The EContent 100 judging team is a busy crew. Read their bios and you'll see that this is a group of people with some very demanding day jobs. For them to devote so much of their valuable time to compiling the list is remarkable. Certainly, it is their diversity and their deep day-to-day connection with the digital content industry that makes them qualified to undertake this task. Yet it does make the process even more challenging-as if trying to evaluate the merits of hundreds of companies weren't difficult enough.
Without web-enabled collaboration, there's no way these individuals could work together on this project. This group covers almost as many time zones as areas of expertise ... suffice it to say that there's no way we could all "get together and chat" about the industry in any one office space. This year, however, I noticed that it was even harder for our judges to find time to get into the wiki and vote. For some, it was a story familiar to many of us lucky enough to have kept our jobs during these trying times: The trade-off for remaining employed is taking on the work of others who were not so lucky.
However, many of the EC100 judging team are consultants-masters of their own destinies. That sounds very cool until times get hard and companies slash budgets and "retrench" ... at which point being in the business of helping organizations maximize technology investments sounds downright scary. Yet, as I mentioned, the team was particularly hard to wrangle this year. It turns out that these same individuals I've tapped for their expertise have been remarkably busy providing this expertise to smart companies via consulting gigs, even in this economy. I spoke with one judge (who was en route from Geneva to Washington, D.C., at the time) who confirmed that he's been busier than ever. He told me he's found that some organizations view economic downturns as a time to invest in solutions that will position them to leap out ahead of the pack when spending levels resume normal levels.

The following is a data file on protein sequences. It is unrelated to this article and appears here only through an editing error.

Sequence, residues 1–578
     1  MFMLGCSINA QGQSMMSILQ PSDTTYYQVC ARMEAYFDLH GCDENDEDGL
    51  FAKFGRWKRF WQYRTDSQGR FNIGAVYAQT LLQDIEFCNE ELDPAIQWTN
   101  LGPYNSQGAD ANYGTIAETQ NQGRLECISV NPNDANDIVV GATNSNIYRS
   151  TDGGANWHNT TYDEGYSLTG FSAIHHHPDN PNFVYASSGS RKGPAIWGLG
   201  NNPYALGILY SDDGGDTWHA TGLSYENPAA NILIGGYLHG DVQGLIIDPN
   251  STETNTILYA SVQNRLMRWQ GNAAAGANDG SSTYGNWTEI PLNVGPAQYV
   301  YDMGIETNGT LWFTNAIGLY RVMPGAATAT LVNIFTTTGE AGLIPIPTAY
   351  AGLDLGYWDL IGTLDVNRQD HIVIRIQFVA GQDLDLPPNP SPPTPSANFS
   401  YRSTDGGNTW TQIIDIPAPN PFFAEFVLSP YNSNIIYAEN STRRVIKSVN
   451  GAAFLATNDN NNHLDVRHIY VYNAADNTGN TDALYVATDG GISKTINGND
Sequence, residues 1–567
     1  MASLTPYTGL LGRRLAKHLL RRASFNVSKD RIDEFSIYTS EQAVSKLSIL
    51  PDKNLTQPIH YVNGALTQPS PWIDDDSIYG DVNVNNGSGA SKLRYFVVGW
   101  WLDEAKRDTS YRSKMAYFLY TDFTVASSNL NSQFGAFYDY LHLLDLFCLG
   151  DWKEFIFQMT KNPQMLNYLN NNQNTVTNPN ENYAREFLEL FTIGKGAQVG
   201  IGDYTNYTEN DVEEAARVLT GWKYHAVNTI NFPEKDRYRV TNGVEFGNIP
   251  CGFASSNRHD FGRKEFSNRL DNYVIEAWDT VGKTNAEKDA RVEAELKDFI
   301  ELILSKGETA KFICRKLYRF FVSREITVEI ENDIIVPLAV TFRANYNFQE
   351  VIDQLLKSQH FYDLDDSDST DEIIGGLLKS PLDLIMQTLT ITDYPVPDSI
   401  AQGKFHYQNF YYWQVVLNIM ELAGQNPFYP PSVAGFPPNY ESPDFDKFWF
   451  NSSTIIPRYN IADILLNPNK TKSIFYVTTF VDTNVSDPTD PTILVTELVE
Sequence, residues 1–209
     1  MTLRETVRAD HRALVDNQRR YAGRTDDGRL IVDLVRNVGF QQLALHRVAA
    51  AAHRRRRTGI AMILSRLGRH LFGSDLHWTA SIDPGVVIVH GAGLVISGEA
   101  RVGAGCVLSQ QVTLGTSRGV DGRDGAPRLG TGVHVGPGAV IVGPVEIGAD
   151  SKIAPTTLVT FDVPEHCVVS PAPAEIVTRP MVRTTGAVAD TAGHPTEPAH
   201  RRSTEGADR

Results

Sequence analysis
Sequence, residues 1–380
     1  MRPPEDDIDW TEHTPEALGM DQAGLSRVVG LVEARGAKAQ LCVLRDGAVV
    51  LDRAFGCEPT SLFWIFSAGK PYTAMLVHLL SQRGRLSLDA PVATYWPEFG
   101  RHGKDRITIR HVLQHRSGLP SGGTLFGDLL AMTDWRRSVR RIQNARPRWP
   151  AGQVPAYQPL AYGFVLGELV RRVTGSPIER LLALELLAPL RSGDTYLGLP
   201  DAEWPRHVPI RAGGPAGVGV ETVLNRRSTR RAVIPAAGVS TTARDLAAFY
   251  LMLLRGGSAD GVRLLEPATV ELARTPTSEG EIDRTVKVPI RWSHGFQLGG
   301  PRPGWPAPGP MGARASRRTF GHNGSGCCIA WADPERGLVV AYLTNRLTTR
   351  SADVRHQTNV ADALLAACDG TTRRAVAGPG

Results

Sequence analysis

"Competitive executives should welcome recessions. In the heat of a downturn, superior companies pull away from the competition and aspiring companies can dart ahead," according to Diamond Management & Technology Consultants. This group studied more than 400 companies and their performances (relative and absolute) before, during, and after the last recession (1998-2004). While Diamond found that everyone cuts costs during a recession, only some benefit. Certain businesses cut judiciously and used the recession as motivation to improve the design of their business-the configuration of people, assets, capital, and information. The central lesson of Diamond's research is that "at the very time when a leader is tempted to ... make simple across-the-board cuts, superior performers dig into the data and act more intelligently than the competition."
Businesses that can turn an economic crisis into an opportunity to brutally re-evaluate spending, productivity, efficiency and then wisely invest in solutions that help them cut costs while improving workflow and customer experiences will be the fastest to rebound as spending increases.
Today, organizations are in a position to re-evaluate every business process in an effort to improve it-and technology solutions are there to help them achieve these objectives. Given increasingly robust SaaS offerings, strides in cloud computing, and a proliferation of Web 2.0 tools (which are often free-at least to try on a small scale), there is no shortage of tools that may be worth investigating in an effort to improve the way business is done.
In his OnDesign blog, Bruce Nussbaum points out that during a recession, it is important for companies to also continue to focus on innovation: "Disruptive innovation that is inexpensive, easy to use and in great demand that makes life better, more manageable and less costly is the kind of innovation you do in a recession." He cites Flip, Amazon, Apple, and IBM as examples of companies that continue to innovate even during a recession.
When I consider many of the companies on the EC100 list, I see continued innovation-yes, in terms of product offerings as well as in business models, licensing, and thought leadership. I also see a great many tools that can be put to work to not only streamline business processes but also to inform better decision making and improve collaboration, which should, in turn, support innovation.
Stanford University economist Paul Romer said it best in 2004: "A crisis is a terrible thing to waste." As we begin to see signs of economic recovery, I hope that those of you reading EContent are part of the companies who recognize that now is the perfect time to infuse your organization with strategic investments that will help drive innovation and position you to come out of the recession stronger than ever.